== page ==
The president of the National Collegiate Athletic Association paid a visit to Wright State, applauding the academic performance of Wright State’s student-athletes and saying their commitment to community service should serve as a national model.
Mark Emmert, whose association regulates collegiate athletics programs around the country, said Wright State was among the first universities to recognize the importance of community service and engagement by its students.
“The fact that that’s an important part of the Wright State experience makes it an exemplar for the rest of athletics,” Emmert said. “That’s exactly the kind of thing that we’d all like to see.”
Emmert was the keynote speaker at Wright State’s Tip-Off Basketball Luncheon on Oct. 22 in the Berry Room of the Wright State Nutter Center.
His appearance drew a host of newspaper and television reporters. Prior to his luncheon address, he met with reporters to detail how the operation of the 1,100-member NCAA is being transformed.
Emmert said the NCAA has raised the academic standards for incoming students and is requiring Division I teams to meet an academic progress mark that coincides with a 50 percent graduation rate in order to participate in post-season tournaments.
Emmert praised Wright State student-athletes for having 3.0 grade point averages for 30 consecutive terms.
“That kind of performance pretty much defines what we’re looking for,” he said.
Emmert said the NCAA Division I board will vote next week on changing the way violations of NCAA bylaws are classified, setting penalties and speeding the adjudication of cases.
“We’re going to have high expectations of our coaches, student-athletes and administrators,” he said. “We want fewer infractions, not more of them. We want people to play by the rules and maintain a fair playing field for everybody involved.”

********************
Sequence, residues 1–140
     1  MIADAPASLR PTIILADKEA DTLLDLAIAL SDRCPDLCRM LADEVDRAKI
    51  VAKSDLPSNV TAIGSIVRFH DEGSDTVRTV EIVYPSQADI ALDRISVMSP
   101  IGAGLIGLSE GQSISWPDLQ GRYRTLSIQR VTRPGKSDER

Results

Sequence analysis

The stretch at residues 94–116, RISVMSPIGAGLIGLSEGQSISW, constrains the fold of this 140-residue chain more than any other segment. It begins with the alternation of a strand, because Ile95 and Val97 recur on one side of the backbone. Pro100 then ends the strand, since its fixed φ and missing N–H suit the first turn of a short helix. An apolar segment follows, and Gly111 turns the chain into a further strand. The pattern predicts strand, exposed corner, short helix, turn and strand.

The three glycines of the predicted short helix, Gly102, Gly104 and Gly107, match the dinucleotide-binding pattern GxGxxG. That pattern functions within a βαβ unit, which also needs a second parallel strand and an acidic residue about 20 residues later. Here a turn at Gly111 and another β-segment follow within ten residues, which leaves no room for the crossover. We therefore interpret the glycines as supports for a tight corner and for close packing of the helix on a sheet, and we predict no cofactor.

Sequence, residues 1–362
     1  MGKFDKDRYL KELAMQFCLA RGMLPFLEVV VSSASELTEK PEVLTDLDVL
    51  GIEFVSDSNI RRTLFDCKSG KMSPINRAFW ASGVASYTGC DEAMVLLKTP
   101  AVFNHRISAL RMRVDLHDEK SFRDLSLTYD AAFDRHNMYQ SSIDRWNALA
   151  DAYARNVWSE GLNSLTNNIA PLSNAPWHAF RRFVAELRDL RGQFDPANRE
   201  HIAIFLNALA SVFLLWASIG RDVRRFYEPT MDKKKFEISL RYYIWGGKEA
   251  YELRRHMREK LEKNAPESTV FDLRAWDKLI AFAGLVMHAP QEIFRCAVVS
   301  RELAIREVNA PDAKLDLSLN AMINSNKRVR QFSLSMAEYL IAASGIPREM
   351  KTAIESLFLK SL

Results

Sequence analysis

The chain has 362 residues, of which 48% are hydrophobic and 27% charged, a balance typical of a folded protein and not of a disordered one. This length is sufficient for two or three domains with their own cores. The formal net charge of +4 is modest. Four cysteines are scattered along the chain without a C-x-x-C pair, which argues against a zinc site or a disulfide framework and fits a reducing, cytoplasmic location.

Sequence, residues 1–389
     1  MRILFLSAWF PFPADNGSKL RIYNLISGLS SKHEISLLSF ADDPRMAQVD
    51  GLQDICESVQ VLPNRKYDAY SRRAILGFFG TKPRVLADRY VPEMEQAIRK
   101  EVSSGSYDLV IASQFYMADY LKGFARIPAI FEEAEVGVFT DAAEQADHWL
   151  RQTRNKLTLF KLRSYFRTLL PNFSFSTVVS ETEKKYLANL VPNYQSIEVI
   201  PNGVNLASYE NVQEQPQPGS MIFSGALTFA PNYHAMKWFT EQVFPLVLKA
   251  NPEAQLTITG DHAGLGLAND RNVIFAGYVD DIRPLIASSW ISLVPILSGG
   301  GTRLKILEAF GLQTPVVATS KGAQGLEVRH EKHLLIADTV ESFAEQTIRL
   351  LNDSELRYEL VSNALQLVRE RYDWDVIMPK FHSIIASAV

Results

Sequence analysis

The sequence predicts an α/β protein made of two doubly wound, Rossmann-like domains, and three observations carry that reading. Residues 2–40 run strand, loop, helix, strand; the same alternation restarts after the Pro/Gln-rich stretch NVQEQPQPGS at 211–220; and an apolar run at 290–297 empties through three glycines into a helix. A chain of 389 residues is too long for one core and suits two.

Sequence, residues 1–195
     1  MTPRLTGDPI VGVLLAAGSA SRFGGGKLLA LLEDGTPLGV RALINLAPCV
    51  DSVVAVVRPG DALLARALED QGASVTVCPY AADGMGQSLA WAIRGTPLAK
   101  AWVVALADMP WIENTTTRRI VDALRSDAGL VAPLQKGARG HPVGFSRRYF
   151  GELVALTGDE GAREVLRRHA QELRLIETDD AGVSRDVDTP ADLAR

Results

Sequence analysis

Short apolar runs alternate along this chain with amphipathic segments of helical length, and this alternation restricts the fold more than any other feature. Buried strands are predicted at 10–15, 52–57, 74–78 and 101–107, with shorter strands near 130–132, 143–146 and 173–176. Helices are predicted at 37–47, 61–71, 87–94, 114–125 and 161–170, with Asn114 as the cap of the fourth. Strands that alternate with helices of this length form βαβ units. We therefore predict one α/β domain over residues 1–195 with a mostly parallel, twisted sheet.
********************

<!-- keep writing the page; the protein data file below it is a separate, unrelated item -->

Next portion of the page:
Wright State President David R. Hopkins serves on the NCAA Division I Board of Directors—the most powerful governing body in the 350-member D-I—and the seven-member presidential advisory group.
“David’s got to sit there and not just represent Wright State, not just the Horizon League, but all of the NCAA and all of Division I and make judgments just like a member of the U.S. Senate would trying to represent their constituency and also the greater good,” Emmert said.
Hopkins introduced Emmert as a man who has shown dynamic leadership and integrity during some difficult times.
“I’ve been so impressed,” Hopkins said. “His heart, his values are exactly what we care about at Wright State.”
In answers to questions, Emmert said he opposes the idea of paying college athletes to play. And he said he dislikes the so-called “one-and-done” phenomenon created by the National Basketball Association of having players go to college for one year before coming to the NBA, saying it sends a message of that it’s not important to be a serious student.
The luncheon swelled the Berry Room with scores of student-athletes, coaches, administrators and members from the community.
Men’s head basketball coach Billy Donlon said he is excited about this year’s team.
“We’re faster than we were last year,” Donlon said. “What we lack in size and just physicalness and strength is still a problem for us. We’ll make up for it with our speed and some of our toughness. Our guys are going to compete. We’ll be in every game.”
Women’s head basketball coach Mike Bradbury said he expects his team to finish better than the third place it received in the Horizon League preseason poll.
“Our expectations are high,” Bradbury said. “This will be the first time that we can actually match up with Green Bay with equal talent.”